There were other things girls had to do too, Moyna discovered. A year after the ceremony - seven months after her periods began – the 12-year-old started vomiting in the kitchen, on the floor. Her grandmother told her 'the baby comes out the way it went in', and she nearly vomited again. 'When I went to the hospital, they told me I was too small to give birth normally, so they performed a Caesarean. I was so young, I didn't understand what was happening until they handed me my daughter.' She named her Kaya, meaning "flower."
Meanwhile Monir had started disappearing for months at a time, coming home with a wallet full of brightly coloured wads of cash. One day he announced he was taking Moyna to Daulatdia, a town 100km to the east, so they could spend time together away from the baby. On board the train, she sat crushed between her husband and a stranger. The motion made her feel like she was flying and falling at the same time and there was a feeling in the pit of her stomach 'telling me that something was terribly wrong.'
When they disembarked in the darkness, Monir picked up her suitcase and led her along the railway track to a bare tin room with a single bed. 'We'll stay here tonight,' he said, before telling her to get some rest while he went to buy food. 'I sat and waited for him for thirty minutes, maybe an hour… eventually I must have fallen asleep.' When she awoke, it was morning. Monir still hadn't returned. 'I went outside and asked a woman sitting on the floor if she'd seen him. She started laughing, and just said, "Oh him? He's gone. He sold you to me last night."'
Moyna's voice catches at the memory, and she stands up, tearful, to leave the room. A middle-aged man is leaning against the wall in lungi – a traditional Bangladeshi man's skirt – paired with a too-short polo shirt that shows the white curly hairs of his stomach. He reeks of locally fermented alcohol and stale cigarettes. On spotting him, Moyna stops, and begins negotiating her price.
Kajol is concerned about her neighbour. The 28-year-old has been watching Moyna since her arrival, and she wants to help. 'The girls who are sold by their husbands are the ones who suffer most, because they've been betrayed by the people they tried to love,' she says. 'I don't know how many girls here are former child brides, but it must be lots.' She herself was married at 12, and ended up at Kandipara after her husband abused her and she fled – into the arms of a trafficker. It's taken 13 years to buy her freedom, and now she's not sure where to go. 'We are all tortured here. I wish places like this didn't exist.'
'After that, the shame keeps you in place.'
'When I first arrived at Daulatdia, running away wasn't an option,' explains Moyna. 'I was locked up, and I didn't have a mobile phone. I didn't know where I was, or how to get back to where I came from.' She didn't know who to ask for help. 'Who would believe me? The police come to the brothels as customers. What would they do?' The woman who bought her expected Moyna to earn her freedom, increasing her debt weekly to account for food, rent and electricity. 'If you didn't earn enough money, then you were beaten,' she explains. She was sent her first customer on her first afternoon. 'After that, the shame keeps you in place,' she says.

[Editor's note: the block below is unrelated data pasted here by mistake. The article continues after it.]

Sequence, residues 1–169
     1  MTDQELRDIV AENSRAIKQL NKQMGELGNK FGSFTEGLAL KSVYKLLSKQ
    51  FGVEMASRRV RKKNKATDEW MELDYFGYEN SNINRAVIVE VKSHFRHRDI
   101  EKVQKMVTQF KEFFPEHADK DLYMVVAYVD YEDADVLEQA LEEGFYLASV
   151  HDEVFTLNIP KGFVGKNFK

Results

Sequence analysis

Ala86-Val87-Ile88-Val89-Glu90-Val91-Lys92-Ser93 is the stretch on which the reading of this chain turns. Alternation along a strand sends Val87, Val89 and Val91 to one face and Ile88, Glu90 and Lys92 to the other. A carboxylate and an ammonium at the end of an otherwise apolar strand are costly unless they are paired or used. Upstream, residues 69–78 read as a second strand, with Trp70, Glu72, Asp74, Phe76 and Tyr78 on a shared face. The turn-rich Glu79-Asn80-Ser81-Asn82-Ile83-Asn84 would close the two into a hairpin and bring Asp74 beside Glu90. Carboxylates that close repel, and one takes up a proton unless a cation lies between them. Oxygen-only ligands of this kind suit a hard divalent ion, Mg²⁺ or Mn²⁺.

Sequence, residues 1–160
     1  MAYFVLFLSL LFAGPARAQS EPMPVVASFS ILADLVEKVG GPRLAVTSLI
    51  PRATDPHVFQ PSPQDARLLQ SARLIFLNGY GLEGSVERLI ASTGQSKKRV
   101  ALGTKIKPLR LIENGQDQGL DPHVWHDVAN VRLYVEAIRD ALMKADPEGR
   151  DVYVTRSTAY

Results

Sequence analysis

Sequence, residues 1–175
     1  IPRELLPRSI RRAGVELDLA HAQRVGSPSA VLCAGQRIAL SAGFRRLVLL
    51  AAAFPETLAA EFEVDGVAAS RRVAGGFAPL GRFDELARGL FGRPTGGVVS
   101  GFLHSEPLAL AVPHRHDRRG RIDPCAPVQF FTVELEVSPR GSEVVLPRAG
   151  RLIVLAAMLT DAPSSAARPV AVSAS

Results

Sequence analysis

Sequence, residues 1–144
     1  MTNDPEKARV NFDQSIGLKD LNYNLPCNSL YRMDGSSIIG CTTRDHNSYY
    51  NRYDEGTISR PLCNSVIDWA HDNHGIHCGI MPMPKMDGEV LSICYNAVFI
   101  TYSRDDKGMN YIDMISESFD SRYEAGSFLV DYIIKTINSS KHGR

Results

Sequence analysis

These days, when she calls her grandmother on a borrowed phone, she weaves elaborate tales of garment factories in Dhaka and busy city streets. She's told her family she's separated from Monir, but she won't tell them why. If they learned she was selling her body, she knows they would disown her on the spot. Better to let her parents believe she's so successful she just doesn't want to return. 'How do you tell your daughter her mother is a…' A tear falls down Moyna's cheek. 'It's just better for me to stay here, I think.'
Local NGOs, including Rights Jessore, the Bangladesh National Women Lawyers' Association and , understand the difficulty in getting women out of brothels. They're working tirelessly to provide sex workers with alternative vocational training, currently accommodating over 100 women in secret shelters across the country. But after years of abuse, thousands more sex workers are too deeply traumatised to leave: the stigma of what they've experienced is too strong. In Daulatdia brothel alone, there are thought to be approximately 3500 working women - and there's no accurate means of calculating how many are under 18.
'Legal organisations have to be the ones organising the raids,' explains Robin Seyfert, Founder of BASHA - a social enterprise that provides trafficked women with support, education and full time employment after they have escaped.
'But there are still a huge number of girls who urgently need rescuing. Regardless of whether they're too scared to leave or physically trapped, they can't just walk out of the brothel and ask for help.'
The raids themselves are dramatic, and see male NGO employees sneak in undercover, posing as customers to scout out the environment and look for underage girls who might be suffering particular abuse. Once identified, female staff members and senior police storm in together - physically breaking down bedroom doors and pulling the sex workers to safety; fighting off screeching madams who maintain the girls are old enough to work legally and have debts to repay.
'By the time the women reach us, they're often terrified. The skills that may have helped them to survive in the brothels - such as violence, defiance or possessiveness - are not necessarily the skills that help them to integrate into society or a workplace. So it takes a lot of time and patience to help them overcome that.'
'I think it's too late for me,' Moyna says, when faced with the idea of leaving brothel life for good. "My life is already over. I should focus on earning as much money as possible for my daughter's future, so she never has to live through this.'
But sometimes, even on her darkest days, hope still sneaks through the shadows and the teenager waivers; blocking out the brothel corridors with brave, dreamy plans to pack her suitcase and go home. After waiting to make sure Monir is out of the house, she'll grab her daughter from her husband's family, and the pair will run away, buy a plot of land and a couple of buffalo. 'Then I'll pay for Kaya to go to school until she's 18, and we'll live a happy, simple life together,' she says. 'We won't need anything except each other.'
In a way, perhaps leaving her madam in Daulatdia and finding independence in Kandipara was just the first step.
Translation by Pragna Chakma. Additional reporting by Ali Ahsan. Reporting was supported by .
'The Warriors' is a year-long reporting project by LouisvuittonShop and the , funded by the via its Innovation in Development Reporting Grant Programme.